Taking TPR to Another Level of Engagement: Two Fun Lower-Level Activities (Part 2: Movie Directors)

Movie Director script

(This posting includes a handout which you are welcome to use with your students.)

This activity is not only great for skill building, but also offers an opportunity for students to be creative.  It’s also very entertaining and a complete change from other activities that students usually do in class.

After students have done the TPR (Total Physical Response) activity which I had describe in Part 1 , Taking TPR to Another Level of Involvement: Two Fun Lower-Level Activities (Part 1: Triads) they’ll be prepared for this one, “Movie Directors.”

In brief, these are the steps and the handout.

1) In the handout, there is a model in which the teacher and one student direct two students (who haven’t seen the script) in front of the class (the “stage”).  The handout includes the script, which involves TRP, and is like a short (three-minute) movie or play.  The other students watch as audience members.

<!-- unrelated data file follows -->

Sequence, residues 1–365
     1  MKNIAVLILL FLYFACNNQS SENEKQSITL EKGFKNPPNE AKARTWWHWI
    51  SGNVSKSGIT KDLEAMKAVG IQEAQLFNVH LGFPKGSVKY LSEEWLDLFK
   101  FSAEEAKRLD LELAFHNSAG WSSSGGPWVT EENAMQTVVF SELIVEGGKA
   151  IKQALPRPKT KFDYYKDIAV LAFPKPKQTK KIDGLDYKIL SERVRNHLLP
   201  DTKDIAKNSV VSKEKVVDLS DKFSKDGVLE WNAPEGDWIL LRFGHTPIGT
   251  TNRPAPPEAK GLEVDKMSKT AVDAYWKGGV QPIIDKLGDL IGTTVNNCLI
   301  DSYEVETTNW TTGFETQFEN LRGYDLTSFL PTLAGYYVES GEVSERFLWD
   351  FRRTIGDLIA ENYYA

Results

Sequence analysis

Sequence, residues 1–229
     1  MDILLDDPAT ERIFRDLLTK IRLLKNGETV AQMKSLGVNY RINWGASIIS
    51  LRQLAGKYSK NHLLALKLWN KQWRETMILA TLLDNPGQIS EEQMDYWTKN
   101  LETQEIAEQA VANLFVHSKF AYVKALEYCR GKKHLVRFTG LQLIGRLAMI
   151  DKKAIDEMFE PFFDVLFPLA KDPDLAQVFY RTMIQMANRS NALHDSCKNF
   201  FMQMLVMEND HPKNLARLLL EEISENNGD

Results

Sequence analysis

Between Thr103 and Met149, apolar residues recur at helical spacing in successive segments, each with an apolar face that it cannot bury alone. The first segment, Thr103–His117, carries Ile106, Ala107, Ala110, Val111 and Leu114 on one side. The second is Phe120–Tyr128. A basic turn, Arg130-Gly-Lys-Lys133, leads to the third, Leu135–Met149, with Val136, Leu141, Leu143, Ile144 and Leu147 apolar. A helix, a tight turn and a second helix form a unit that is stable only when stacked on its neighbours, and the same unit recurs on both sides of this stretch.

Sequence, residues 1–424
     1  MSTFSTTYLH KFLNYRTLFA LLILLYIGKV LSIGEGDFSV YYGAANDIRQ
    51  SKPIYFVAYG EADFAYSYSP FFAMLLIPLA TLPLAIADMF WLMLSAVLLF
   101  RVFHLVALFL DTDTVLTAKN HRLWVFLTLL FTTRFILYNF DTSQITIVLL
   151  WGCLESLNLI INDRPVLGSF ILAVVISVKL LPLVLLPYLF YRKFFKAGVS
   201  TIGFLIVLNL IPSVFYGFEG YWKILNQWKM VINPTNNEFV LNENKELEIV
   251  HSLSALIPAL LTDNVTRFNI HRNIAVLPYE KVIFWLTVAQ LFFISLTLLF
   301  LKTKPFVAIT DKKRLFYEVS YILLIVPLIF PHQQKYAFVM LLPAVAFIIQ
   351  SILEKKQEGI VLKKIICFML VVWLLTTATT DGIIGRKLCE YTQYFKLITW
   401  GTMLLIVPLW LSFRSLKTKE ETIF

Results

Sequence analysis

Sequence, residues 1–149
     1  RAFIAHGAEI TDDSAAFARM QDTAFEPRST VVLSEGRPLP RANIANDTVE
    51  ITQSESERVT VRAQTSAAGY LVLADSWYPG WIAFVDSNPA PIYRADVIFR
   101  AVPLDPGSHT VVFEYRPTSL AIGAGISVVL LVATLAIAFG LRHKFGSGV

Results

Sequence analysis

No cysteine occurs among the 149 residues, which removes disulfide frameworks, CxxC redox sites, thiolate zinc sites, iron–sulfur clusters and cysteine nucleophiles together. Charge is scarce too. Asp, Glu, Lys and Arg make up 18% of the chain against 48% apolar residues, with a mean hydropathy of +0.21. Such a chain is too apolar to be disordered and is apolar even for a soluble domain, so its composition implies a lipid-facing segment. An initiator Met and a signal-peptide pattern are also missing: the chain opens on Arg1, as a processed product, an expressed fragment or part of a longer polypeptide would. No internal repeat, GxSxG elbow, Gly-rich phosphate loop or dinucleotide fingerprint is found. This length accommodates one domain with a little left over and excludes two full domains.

2) In pairs or triads, students write their own short movie involving TPR commands.

3) When it is a pair’s turn to be the directors, they choose actors (who have not seen their script) to come to the “stage.”  Then they read their scripts and the actors perform the actions.

(See the handout TPR Movie Director  for all the details and the model)

Some benefits of this activity

Not only do the “actors” benefit from listening and acting out the commands, but the audience also hears them and sees them acted out, which can reinforce their listening skills.  There is a lot of friendly laughing when an actor misunderstands a command and does something different because they audience has understood correctly and notices it.

There is potential for creativity for students as they write their scripts with their partners.  (For example, one pair of directors had their actors follow their directions for doing a beauty pageant.  Others had some actors playing the parts of pet animals.)

The activity involves not just listening, but also writing, reading and speaking skills.

For more engaging pair and small group, student-centered activities for lower-level students, see Basic Conversation Strategies .

David Kehe

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